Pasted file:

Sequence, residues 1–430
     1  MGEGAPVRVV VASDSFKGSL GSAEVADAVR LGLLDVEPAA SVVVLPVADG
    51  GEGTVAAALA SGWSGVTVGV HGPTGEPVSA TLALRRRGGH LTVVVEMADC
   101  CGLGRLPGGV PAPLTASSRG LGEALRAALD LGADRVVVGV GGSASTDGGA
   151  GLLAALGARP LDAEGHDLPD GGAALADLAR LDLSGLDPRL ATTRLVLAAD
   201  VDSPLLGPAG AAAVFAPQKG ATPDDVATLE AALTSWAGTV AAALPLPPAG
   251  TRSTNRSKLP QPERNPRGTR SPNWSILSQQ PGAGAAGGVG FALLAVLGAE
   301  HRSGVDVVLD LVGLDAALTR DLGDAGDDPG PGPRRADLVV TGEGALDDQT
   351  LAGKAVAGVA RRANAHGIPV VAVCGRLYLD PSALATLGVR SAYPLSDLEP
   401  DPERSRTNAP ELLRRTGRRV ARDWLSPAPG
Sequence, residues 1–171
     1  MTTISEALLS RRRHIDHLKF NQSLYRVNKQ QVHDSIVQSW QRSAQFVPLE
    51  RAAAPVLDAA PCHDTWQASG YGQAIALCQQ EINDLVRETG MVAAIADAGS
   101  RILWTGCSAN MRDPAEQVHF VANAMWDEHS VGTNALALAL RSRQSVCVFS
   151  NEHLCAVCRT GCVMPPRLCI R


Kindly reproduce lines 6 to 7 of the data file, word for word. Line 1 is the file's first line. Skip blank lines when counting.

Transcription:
   201  VDSPLLGPAG AAAVFAPQKG ATPDDVATLE AALTSWAGTV AAALPLPPAG
   251  TRSTNRSKLP QPERNPRGTR SPNWSILSQQ PGAGAAGGVG FALLAVLGAE